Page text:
The anthropologist Daniel Miller’s survey of the possessions owned by the residents of a single South London street focused not upon their aesthetic qualities but instead he revealed that objects, such as photographs, often matter to people because of the relationships they signify. The meaning attached to the above photograph cannot be deduced by an analysis of its image content alone instead it is integral to a story known only within a family context. My grandmother’s relationship to her family photographs and in particular to this image reminds me of what Miller referred to as the ‘the sadness of lives and the comfort of things.’(2)

When my grandmother talked about this photograph she was not considering emigration trends nor the role of the returned Yank. Instead she used it as a vehicle to discuss a very personal event: the death of her father less than ten years after his return to Ireland. Although not included in the photo, he was the focus when this portrait was examined. The story of her parents’ hopeful return to Ireland starts with this image. His premature death from silicosis, the result of his work in copper mines, was naturally a major blow to his only child and this photograph allowed her to raise the subject sixty or more years after the event.

(1) Dunnigan, Diane, A South Roscommon Emigrant: Emigration and Return, 1890-1920, Dublin: Four Courts Press, 2007.

(2) Miller, Daniel, The Comfort of Things, Cambridge: Polity, 2008.

Orla Fitzpatrick
June 2014

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This little girl, Ada Josephine Cowper, was born in Dublin in 1865 and her family lived at 29 Fitzwilliam Place. Thanks to the online availability of church records I have been able to find out something about her life. Her marriage, at the age of twenty-seven, to Ernest Henry Knox resulted in a move to his family home Greenwoodpark, Crossmolina, County Mayo where he was a land agent. The house which was built in 1814 is now a ruin.

Ada had two children, Ada Eveleen and the exotically named Zinna Ethel! Zinna married into the Toler-Aylward family of Shankill Castle, Paulstown, County Kilkenny and it was there that Ada senior died at the age of 71 on the 6th of November 1936!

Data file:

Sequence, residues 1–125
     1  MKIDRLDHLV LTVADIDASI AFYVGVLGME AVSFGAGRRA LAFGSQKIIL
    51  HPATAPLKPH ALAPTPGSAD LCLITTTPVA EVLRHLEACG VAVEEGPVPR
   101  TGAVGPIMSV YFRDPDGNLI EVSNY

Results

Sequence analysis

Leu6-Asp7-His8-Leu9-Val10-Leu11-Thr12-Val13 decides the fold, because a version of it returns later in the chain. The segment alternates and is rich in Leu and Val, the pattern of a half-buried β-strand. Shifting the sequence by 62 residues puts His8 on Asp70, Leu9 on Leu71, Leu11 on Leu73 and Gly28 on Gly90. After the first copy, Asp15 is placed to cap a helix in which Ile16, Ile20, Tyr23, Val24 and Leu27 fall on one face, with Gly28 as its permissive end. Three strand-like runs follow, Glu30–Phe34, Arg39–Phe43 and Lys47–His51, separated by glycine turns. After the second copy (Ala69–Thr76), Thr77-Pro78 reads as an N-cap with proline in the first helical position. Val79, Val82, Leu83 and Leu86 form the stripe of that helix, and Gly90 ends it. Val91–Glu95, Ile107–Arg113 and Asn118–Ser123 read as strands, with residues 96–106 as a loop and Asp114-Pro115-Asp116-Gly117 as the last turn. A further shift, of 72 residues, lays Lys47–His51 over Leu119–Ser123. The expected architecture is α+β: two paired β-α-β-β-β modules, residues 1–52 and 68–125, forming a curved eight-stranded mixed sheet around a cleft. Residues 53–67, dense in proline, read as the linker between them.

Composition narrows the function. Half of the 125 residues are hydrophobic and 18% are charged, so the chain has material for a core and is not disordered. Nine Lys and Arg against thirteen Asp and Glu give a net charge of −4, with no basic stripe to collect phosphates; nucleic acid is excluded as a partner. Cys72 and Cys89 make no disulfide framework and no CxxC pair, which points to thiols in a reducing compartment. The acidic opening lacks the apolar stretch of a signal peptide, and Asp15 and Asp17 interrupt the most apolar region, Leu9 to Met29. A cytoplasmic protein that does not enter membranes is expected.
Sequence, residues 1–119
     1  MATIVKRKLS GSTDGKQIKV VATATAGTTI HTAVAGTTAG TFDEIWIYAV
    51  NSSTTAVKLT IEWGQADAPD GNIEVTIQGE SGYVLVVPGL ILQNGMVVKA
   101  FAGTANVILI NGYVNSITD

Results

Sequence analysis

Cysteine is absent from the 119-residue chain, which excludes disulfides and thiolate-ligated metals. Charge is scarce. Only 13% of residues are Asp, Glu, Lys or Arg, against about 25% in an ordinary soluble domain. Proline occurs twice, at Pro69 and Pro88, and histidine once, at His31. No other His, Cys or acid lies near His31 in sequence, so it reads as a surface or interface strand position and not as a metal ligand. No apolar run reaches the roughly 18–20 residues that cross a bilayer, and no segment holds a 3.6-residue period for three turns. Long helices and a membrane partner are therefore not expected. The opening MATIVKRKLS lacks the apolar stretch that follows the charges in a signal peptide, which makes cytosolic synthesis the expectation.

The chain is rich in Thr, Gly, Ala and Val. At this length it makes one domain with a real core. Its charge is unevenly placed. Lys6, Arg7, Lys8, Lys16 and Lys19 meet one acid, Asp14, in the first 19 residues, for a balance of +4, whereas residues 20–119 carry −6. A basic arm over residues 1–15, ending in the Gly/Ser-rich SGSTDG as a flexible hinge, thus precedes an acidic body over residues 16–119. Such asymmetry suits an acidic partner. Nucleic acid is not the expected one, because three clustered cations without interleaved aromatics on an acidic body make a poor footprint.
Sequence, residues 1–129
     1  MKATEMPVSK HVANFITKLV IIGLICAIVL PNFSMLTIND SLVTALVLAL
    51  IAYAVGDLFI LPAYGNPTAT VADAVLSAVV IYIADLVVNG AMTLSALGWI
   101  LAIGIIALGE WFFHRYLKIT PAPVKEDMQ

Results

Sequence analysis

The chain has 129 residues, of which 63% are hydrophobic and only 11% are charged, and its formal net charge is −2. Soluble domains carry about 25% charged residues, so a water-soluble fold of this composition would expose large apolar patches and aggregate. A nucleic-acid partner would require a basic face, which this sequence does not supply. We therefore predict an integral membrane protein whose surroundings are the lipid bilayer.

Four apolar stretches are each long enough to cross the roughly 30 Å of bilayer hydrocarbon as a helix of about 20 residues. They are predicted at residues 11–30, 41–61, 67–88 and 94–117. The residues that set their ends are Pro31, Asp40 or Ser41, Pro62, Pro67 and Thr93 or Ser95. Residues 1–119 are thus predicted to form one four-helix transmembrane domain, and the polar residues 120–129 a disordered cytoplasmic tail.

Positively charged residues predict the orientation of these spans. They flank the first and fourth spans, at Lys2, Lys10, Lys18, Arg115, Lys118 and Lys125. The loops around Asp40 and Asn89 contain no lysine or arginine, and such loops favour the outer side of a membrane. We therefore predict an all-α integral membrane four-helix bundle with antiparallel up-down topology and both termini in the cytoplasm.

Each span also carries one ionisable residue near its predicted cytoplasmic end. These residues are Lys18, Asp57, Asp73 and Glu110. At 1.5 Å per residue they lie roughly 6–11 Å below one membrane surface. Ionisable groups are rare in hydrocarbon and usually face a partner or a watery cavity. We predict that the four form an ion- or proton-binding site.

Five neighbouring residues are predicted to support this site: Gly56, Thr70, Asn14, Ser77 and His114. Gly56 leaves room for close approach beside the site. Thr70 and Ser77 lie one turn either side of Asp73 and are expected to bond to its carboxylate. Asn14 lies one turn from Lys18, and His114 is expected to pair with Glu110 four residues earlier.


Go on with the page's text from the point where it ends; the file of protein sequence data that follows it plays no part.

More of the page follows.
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The grandly named Royal Panopticon of Science & Art was run by James Simonton. It opened to much fanfare in 1862, five years’ before Ada’s photograph was taken. Simonton had been involved in several photographic partnerships prior to this solo endeavour. Before establishing himself at 70 Grafton Street (note the typo on the card above), he was based on Dublin’s other main thoroughfare, Sackville Street (now O’Connell Street).

Simonton spared no expense on the decoration and design of his new premises and an article in The Irish Builder of July 1862 elaborates upon the studio’s mahogany fittings, spacious staircase adorned with sculpture and ‘encaustic tile pavement and richly ornamented soffet.’ In addition to the photographic trade Simonton also displayed paintings, dioramas and scientific inventions. At the time of his marriage in 1859 to Frances Isabella Harricks he listed his occupation as ‘artist’ so it is no surprise that he was to host discussions on artistic matters.

Simonton’s business thrived during the 1860s and early 70s as he benefited from the carte-de-visite craze, however, he announced in 1875 that he was retiring from the ‘fancy goods’ trade and filed for bankruptcy in 1876. He attempted to open a public house in the 1880s but his application for a licence was not successful. Instead, he reverted to photography and entered into partnership with a man called Edwards with whom he ran a business at 28 Grafton Street until 1883.

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This portrait shows Elsie Thompson Harrison of Brighton Square, Dublin in her nursing uniform and it was most likely taken during World War One. Her family are listed on the 1911 census as owning a hardware business and as being part of the Plymouth Brethern – an evangelical movement established in Dublin in the 1820s. Her brother had the unusual name of Gordon Trizzant Harrison and I was able to discover that her sister studied at the Dublin Metropolitan School of Art. I have located her on the online registers for the college: an excellent resource which is available through the website of the National College of Art and Design.